My concern is on a cultural level for the Novel. If the industry this that the 'artists' aren't so important and that they can sell books big time simply by putting the name of a celebrity on it or by massively promoting a project regardless of the literary or ethical nature of it's content - I think we know the book I am talking about here - then in cultural terms it;s not healthy. Mid list writers are being squeezed hard apparently at the moment. If the book industry follows what happens in the Music industry and a couple of big companies run pretty much the majority of the musical cultural output - it is not good for creativity and evolution. And Art is all about evolution.

Yes Money is important. Yes big publishers are big companies. But if the people who don;t care about 'content' run everything then WE all lose out. Humanity itself.

So that is the position in which my comments should be viewed It is the very state of the cultural development and existence of Mankind itself that is at stake.

What is the topic again??

Panda in Chief said...

Colin, thanks for adding me to Carkoon's most wanted list.
Also thanks to 2NN's for visiting the pandas.
In my life as a painter, I have learned as much from the other painters I hang out with as I did in art school. So, this is a great place to learn more about writing and the business end of writing. No matter how much we might to say, "but my art is pure, uncontaminated by filthy lucre," we all need to pay our rent/ mortgage and cadmuim red light is $40 or more for a little bitty tube.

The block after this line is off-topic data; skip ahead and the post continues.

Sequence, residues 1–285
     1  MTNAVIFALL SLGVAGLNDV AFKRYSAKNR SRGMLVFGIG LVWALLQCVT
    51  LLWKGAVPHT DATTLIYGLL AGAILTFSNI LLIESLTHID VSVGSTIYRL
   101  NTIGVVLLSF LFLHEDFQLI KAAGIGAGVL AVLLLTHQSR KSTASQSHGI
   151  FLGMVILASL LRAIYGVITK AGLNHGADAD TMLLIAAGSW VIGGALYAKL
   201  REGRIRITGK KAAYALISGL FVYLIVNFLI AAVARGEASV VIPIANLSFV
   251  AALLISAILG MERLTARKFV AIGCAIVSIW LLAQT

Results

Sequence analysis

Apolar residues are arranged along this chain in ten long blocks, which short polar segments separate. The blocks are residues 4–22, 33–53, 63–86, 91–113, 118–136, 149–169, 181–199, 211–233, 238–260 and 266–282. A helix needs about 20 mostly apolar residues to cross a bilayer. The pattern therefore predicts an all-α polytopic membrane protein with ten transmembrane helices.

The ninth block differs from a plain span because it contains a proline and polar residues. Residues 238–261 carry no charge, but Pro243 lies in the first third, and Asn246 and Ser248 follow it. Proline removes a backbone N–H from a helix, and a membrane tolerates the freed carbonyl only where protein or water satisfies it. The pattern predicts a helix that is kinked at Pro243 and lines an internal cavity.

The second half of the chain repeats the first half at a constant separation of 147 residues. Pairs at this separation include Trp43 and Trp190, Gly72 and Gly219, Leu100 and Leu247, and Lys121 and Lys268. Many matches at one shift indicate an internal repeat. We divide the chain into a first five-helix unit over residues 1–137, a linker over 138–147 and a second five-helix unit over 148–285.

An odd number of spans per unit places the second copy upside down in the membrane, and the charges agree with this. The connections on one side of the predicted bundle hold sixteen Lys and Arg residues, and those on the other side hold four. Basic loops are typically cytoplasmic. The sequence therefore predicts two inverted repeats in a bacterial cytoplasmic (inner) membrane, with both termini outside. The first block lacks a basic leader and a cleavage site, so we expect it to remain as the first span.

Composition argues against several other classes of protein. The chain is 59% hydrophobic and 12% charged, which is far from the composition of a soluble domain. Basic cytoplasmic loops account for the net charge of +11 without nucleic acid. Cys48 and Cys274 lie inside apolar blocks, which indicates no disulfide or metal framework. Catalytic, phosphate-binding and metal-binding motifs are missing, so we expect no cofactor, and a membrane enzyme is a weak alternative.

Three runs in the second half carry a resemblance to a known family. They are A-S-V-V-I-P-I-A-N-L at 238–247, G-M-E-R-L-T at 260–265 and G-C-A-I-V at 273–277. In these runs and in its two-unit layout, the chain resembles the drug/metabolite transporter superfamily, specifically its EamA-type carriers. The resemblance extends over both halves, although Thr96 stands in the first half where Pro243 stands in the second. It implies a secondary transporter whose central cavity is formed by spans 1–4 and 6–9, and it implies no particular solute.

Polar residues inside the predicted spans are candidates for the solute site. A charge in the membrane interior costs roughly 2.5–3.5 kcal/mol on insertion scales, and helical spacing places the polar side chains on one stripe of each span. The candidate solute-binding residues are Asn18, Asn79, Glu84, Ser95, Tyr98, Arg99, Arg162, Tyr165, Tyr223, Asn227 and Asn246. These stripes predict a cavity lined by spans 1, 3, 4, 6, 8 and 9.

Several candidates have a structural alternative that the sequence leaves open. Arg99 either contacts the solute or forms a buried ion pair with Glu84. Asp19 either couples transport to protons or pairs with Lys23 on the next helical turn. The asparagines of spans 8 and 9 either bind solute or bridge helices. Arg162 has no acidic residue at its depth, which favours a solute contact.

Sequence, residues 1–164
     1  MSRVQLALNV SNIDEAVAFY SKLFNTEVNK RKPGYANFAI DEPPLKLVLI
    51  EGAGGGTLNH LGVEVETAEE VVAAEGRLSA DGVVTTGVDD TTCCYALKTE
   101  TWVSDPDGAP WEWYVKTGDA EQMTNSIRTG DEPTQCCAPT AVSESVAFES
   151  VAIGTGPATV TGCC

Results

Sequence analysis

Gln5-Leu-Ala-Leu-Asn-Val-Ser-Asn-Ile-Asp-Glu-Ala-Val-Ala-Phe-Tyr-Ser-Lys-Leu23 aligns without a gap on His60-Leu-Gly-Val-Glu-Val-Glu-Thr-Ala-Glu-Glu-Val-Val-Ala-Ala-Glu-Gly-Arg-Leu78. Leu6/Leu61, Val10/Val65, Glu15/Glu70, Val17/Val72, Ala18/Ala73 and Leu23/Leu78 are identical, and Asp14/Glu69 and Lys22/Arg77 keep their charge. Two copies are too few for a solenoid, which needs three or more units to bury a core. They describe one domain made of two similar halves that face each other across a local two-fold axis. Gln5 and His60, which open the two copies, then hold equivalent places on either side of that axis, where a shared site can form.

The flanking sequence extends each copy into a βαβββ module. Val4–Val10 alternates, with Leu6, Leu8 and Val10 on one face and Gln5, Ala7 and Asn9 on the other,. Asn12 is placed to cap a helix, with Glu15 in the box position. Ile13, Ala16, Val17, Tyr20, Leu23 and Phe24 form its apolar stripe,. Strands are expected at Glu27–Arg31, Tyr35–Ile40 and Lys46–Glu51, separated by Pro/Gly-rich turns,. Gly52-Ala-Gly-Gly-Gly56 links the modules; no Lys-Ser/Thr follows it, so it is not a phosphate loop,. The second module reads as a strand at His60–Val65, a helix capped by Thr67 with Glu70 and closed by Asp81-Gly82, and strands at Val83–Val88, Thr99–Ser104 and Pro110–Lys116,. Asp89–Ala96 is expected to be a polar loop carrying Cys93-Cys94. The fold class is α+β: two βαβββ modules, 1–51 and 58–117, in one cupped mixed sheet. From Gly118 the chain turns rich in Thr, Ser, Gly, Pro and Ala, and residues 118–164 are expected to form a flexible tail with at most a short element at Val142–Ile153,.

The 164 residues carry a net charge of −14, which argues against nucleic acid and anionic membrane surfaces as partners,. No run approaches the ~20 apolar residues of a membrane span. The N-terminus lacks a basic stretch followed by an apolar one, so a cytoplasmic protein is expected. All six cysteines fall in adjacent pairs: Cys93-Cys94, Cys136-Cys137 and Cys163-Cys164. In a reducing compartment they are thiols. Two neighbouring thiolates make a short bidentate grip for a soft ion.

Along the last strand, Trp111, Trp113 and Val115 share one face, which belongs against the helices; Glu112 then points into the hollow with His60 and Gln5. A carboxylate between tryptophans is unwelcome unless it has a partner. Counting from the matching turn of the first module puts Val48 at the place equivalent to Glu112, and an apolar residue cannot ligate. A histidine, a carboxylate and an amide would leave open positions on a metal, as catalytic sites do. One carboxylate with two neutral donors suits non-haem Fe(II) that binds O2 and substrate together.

I like reading reviews and find many great reads/ series that way. Of course, since I am a librbary girl, most people are not getting rich from my reading. There are definitely books that once I've read them at the library, I find I can't live without the book on my own shelves.

Marc P said...

PIC don't think that. Writers love being read and a payment every now and again from the Libraries can add up to a nice sum! :)

D. B. Bates said...

"A fair review does NOT include a critique of the author's demeanor, behaviour, lifestyle, social media presence, etc. A fair review is about the book, and can include mention of other books by the author."

Hmm, I don't know about this, Janet. I read a lot of movie reviews, and they demonstrate that the best way to critique is to make wild speculation about the intentions of the stars/filmmakers, based on tabloidy details of their personal lives. The movie is only relevant as a springboard for juicy gossip. I don't see why book reviews should be any different.